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Catching up on movies...

Sometimes I'm motivated to post and other times... bleargh.

Anyway - short comments (sometimes shorter than the movies deserve) on Capturing the Friedmans, Supersize Me, The Human Stain, Ginger Snaps, Intolerable Cruelty, The Producers, Cold Mountain and Nicholas Nickleby.

Capturing the Friedmans

This documentary really deserves an extended discussion. But it's now been over a week since I've seen it and a lot of the details have blurred. Suffice to say, it's fascinating on a number of levels.

The "surface" story about the dysfunctional (damn... promised myself I wouldn't use the word dysfunctional in my review) family with the father, and possibly the son, guilty of pedophelia is engrossing enough. For instance, there's considerable doubt about the son, but father was definitely a pedophile... but not necessarily with the children he was accused and convicted of.

But the deeper meditation on how people perceive, interpret and remember events in totally different, often contradictory ways, is even more interesting.

Definitely one I'll have to re-watch and go through the extras.

Supersize me

If anything is going to motivate me to lay off the junk food, this documentary is it. But seeing I'm typing this after devouring 3/4 of a family sized pizza... :-(

The Human Stain

I read in a number of reviews that there was a big twist in the movie that made the casting of Anthony Hopkins unbelievable.

I spotted the twist in the movie's opening minutes, but for a while thought it was going to be something else (ie that Nicole Kidman was Hopkins' daughter). But when the twist came, I didn't share the reviewers' opinions. In other words: I had no problem with Hopkins playing a Jew.

Watching this movie or Cold Mountain made me realise how versatile Nicole Kidman is. She picks her movies for their variety I'm sure. From the OTT stylings of Moulin Rouge to the repressed British despair in The Hours, to the tough-talking blue collar worker in The Human Stain to the southern preacher's daughter in Cold Mountain to comic turns like The Stepford Wives (which I haven't seen) or Too Die For (which I have - her best early performance); from fairly commercial fare like The Others to avant garde indies like Dogsville (another one I haven't seen). She's not always brilliant, but often interesting. One of these days I'll have to seek out BMX Bandits!

Intolerable Cruelty

The Cohen Brothers are hit and miss film makers. The Hudsucker Proxy, Fargo, O Brother Where Art Thou are great. But generally their darker works - The Big Lebowski, Barton Finch for instance - I just can't relate to. (Or was the problem with Lebowski that it was dark? I can't remember the movie all that well, except that I did not relate to any of the characters. At all.)

Intolerable Cruelty is one of their lighter movies (so mainstream that they weren't sure it was for them according to one of the DVD extras) and while I don't think it was a great movie (some of the plot twists, eg the one involving Billy Bob Thornton, are transparent) it did make me laugh out loud several times. And seeing it was a comedy, I guess that makes it a successful one.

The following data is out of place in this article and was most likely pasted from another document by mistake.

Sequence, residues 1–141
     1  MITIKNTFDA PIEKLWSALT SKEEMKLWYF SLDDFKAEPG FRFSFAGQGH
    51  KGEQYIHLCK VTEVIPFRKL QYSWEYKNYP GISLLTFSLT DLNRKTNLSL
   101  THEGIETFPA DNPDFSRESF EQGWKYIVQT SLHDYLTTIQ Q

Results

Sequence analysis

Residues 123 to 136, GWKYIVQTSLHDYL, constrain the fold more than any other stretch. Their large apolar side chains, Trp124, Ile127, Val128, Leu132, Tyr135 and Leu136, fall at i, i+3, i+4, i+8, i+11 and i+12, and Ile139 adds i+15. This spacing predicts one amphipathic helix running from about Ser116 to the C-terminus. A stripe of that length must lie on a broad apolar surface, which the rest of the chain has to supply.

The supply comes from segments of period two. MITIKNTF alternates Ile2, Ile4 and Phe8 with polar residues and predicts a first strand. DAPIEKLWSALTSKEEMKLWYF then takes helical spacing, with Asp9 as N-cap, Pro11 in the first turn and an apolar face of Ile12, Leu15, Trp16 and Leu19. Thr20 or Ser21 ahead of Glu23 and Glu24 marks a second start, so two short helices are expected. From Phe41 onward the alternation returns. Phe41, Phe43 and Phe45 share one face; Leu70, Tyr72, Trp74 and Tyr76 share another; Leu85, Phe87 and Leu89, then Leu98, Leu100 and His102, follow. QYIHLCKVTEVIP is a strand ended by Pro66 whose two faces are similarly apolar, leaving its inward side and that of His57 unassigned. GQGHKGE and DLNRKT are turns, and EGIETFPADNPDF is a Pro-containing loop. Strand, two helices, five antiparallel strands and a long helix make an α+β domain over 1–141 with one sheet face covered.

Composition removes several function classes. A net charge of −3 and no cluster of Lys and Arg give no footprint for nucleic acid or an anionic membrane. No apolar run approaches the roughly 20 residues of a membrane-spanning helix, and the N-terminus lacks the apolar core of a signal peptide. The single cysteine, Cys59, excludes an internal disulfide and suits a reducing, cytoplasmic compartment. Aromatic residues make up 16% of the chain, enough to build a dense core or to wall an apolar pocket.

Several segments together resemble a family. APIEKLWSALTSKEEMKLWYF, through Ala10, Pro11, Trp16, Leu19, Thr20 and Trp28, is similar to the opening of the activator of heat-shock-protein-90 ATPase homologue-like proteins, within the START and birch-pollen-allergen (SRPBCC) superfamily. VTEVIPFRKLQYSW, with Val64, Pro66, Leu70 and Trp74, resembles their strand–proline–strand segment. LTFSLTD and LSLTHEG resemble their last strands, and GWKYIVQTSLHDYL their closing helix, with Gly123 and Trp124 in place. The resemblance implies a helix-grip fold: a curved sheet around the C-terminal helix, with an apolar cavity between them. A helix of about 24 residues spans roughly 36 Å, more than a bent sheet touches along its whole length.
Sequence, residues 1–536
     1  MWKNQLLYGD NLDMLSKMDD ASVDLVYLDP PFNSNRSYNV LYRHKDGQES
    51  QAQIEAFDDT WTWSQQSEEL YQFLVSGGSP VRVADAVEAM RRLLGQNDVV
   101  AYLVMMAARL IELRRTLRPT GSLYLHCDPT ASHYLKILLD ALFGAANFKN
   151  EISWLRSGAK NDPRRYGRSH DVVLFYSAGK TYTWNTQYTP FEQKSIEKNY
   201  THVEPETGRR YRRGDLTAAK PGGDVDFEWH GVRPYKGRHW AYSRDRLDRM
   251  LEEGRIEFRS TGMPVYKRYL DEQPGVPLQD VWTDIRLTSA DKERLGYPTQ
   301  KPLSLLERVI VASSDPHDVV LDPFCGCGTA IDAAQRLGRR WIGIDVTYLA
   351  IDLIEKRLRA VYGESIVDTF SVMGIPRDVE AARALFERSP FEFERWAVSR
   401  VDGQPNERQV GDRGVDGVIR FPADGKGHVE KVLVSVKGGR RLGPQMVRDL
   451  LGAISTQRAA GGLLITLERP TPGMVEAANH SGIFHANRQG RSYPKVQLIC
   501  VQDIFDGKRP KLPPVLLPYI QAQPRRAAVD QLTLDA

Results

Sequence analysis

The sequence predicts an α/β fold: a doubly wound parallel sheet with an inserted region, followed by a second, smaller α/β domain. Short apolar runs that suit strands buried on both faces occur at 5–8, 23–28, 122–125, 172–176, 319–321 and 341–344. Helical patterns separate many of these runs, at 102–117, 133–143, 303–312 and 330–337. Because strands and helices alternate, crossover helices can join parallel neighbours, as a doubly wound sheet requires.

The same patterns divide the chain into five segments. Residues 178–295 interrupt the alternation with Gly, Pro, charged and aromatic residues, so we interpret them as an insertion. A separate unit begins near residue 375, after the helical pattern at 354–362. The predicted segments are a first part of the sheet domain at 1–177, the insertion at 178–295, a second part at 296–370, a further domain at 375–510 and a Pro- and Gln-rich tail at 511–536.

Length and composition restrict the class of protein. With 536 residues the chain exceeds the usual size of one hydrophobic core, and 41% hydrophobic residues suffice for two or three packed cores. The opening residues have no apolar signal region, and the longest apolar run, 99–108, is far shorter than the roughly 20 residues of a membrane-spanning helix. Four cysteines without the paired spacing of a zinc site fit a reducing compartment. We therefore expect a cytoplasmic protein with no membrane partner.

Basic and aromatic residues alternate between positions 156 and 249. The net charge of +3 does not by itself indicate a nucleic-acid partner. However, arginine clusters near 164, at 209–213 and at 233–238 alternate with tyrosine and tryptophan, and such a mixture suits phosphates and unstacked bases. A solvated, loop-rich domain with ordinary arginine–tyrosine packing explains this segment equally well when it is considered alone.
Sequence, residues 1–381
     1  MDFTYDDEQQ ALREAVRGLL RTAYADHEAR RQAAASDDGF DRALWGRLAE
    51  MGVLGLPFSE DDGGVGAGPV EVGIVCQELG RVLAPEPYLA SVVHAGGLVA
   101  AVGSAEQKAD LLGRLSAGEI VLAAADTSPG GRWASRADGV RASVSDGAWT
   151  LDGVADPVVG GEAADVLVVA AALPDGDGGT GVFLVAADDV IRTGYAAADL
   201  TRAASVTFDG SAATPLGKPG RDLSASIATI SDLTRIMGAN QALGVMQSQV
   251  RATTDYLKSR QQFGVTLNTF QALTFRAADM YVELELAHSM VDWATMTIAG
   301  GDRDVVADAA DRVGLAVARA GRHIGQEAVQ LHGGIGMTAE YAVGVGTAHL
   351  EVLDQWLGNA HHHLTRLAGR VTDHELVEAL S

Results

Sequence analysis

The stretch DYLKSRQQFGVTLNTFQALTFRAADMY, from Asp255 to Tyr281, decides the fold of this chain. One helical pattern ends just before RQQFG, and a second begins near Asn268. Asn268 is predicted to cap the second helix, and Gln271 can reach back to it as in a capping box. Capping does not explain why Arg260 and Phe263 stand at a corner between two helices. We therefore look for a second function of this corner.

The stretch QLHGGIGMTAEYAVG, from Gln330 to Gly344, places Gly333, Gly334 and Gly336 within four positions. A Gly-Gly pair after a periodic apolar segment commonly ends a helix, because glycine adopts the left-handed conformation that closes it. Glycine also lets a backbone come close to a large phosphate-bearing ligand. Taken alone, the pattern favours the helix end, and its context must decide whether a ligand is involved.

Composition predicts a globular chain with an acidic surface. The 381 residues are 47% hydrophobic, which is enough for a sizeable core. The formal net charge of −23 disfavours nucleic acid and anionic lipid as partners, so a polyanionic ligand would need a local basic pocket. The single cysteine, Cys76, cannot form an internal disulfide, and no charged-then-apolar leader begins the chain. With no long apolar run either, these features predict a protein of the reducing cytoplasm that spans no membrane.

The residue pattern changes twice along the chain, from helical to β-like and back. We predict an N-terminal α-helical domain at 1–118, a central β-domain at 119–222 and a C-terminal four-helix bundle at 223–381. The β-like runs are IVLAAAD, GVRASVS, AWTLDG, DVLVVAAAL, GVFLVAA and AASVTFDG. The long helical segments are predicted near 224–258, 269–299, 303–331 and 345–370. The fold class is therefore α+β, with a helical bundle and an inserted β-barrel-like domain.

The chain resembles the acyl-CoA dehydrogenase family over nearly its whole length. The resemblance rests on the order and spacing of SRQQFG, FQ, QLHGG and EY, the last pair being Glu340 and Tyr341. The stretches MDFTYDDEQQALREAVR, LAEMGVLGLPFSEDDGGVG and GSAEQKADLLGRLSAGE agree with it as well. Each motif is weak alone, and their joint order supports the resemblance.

The Producers

One of the acknowledged great comedies. But it just didn't click for me. Sure there were some amusing bits - the Busby Berkely swastika shot for instance - but Wilder's and Mostel's way, way, waaaaay over the top acting just wasn't effective for the screen. Ironically enough, "theatrical" is an apt description of their styles and as such I would expect the story to work better on stage. I guess I'll find out when I eventually get to see the musical.

Cold Mountain

I thought this movie was very haphazard till I realised it was actually a road movie. Jude Law wanders all over the place and meets interesting folk. Nicole Kidmans stays back on the farm and interesting folk wander to meet her. Jude Law is left for dead so often in the movie that you just know he's going to buy it at the end... especially when the story doesn't finish when they're reunited (the recurring bad guy is conspicuously not disposed off before then). Moderately entertaining if predictable... but then I spotted the "twist" in The English Patient in the first frame too.

Ginger Snaps

Heard good things about this at Wordforge and it was indeed worth watching. Dark, angsty, intense, very black humoured.

Nicholas Nickleby

In contrast to The Producers, here is a cast giving very theatrical performances but which worked for me. Everyone in the high powered ensemble is stylised, but finely so... with the exception of the guy playing the main character, who just doesn't have the acting chops of his supporting players. But then, Nicholas is such a prissy dogooder that it must take an actor of rare skill to give him dimension. Props especially to Juliet Stevenson, Jim Broadbent and Christopher Plummer. It's taken me a while to cotton on to how great an actor Plummer is. (I got an inkling in Star Trek VI.) Sound of Music has a lot to answer for!

Seeing a 100 minute film knowing that the RSC (and STC) did an 11 hour version from the book made me really regret having missed the theatrical epic.

Oh, and I haven't seen such overt male-to-male longing in a movie since Lord of the Rings! Surely Smike (aka Tobias Ragg) only fell for Kate because it was the only socially acceptable way he could express his feelings for Nicholas!

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